1054.1 - Review of Interim Funded Service: Hyperbaric Oxygen Treatment (HBOT)

Page last updated: 18 July 2016

Application Detail



Description of Medical Service

Hyperbaric Oxygen Therapy (HBOT) involves placing the patient in a compression chamber, increasing the pressure within the chamber, and administering 100% oxygen for breathing. In this way, it is possible to deliver a greatly increased pressure of oxygen to the patient’s body tissues. The pressure of oxygen delivered to the patient is increased by 12 to 15 fold and oxygen is able to diffuse further into the diseased tissue. Healing is assisted by providing sufficient oxygen at a cellular level to restore normal function. This reduces swelling and also inhibits some bacteria that would otherwise thrive in a low oxygen environment. Treatments are delivered once or twice daily and typically last between 60 and 120 minutes. A typical course might involve 20 to 30 treatments, in order to heal long standing wounds or radiation injuries.

Description of Medical Condition

(1) Late Soft Tissue Radiation Injury
Late soft tissue radiation injury is a complication experienced by a minority of individuals who successfully recover from radiation treatment for cancer. It occurs when healthy adjacent tissue is damaged in the process of treating cancer with radiotherapy. The damage to healthy tissue may not become apparent for months or years after treatment. Radiotherapy technology and techniques are rapidly advancing and side effects are becoming fewer. Examples of the impact on affected individuals include: ulceration in the mouth, impairment of speech, skin ulceration with persistent non-healing painful wounds and infections in body regions that have received radiotherapy, bleeding from the bladder or bowel, or incontinence. Life-threatening infections may also result from untreated bladder or bowel radiation injury. There are limited treatment options available for this condition, and the evidence supporting all treatments is also limited.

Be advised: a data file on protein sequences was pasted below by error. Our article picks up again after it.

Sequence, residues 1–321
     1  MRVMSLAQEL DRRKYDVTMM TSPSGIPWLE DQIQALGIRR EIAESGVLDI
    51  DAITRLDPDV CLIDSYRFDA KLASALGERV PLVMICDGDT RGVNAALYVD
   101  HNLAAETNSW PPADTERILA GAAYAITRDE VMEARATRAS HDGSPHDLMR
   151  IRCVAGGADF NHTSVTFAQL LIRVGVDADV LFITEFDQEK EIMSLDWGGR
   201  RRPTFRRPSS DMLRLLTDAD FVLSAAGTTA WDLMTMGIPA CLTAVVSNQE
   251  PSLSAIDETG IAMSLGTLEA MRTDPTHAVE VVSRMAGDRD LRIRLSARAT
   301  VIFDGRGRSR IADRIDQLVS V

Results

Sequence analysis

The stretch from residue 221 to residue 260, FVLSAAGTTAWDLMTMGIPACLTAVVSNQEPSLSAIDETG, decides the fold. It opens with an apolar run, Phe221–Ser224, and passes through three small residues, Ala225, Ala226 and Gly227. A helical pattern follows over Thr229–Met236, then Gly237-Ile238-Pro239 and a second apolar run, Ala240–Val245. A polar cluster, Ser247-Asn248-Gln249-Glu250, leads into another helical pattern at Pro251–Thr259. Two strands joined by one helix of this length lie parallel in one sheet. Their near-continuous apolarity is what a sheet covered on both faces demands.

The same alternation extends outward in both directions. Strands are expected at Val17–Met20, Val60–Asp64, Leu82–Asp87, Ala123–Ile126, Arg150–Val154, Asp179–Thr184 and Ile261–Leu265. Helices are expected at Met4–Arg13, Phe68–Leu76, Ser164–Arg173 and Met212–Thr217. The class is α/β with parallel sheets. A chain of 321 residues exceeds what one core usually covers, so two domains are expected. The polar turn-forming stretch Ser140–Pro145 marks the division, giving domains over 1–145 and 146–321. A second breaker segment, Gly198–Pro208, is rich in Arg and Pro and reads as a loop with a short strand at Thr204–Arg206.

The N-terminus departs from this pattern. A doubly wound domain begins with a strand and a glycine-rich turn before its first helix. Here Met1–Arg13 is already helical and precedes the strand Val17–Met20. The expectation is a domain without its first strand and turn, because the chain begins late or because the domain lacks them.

(2) Chronic Refractory Skin Ulcers and Wounds
Chronic or refractory problem wounds are skin ulcers and wounds that persist longer than 3 months and do not respond to standard treatment. The wounds require visits to health facilities or home care visits by community healthcare workers for months or years. Complications are frequent and may require admission to hospital. The true incidence, impact and cost are difficult to assess accurately given the wide range of disease, lack of high quality scientific studies of treatments. Approximately 1% of the population of industrialised countries will experience a chronic leg wound at some time, while the prevalence in hospital patients has been estimated at 24%. Many of these wounds are associated with circulatory disorders and lack of oxygen can be a contributing factor.

Reason for Application


Medical Service Type


Previous Application Number


Associated Documentation

Application Form


PICO Confirmation


Assessment Report

Assessment Report (PDF 4069 KB)
Dissenting Report to Assessment Report 1054.1 - HBOT for MSAC consideration (PDF 356 KB)

Public Summary Document

Public Summary Document (PDF 276 KB)
NHMRC Review (PDF 7983 KB)

MSAC consideration 2 August 2012
Public Summary Document (PDF 55 KB)
Public Summary Document (Word 675 KB)
Minutes of 2 August 2012 consideration by MSAC (PDF 20 KB)

Meetings for this Application




12 - 13 October 2011


29 November 2011
2 August 2012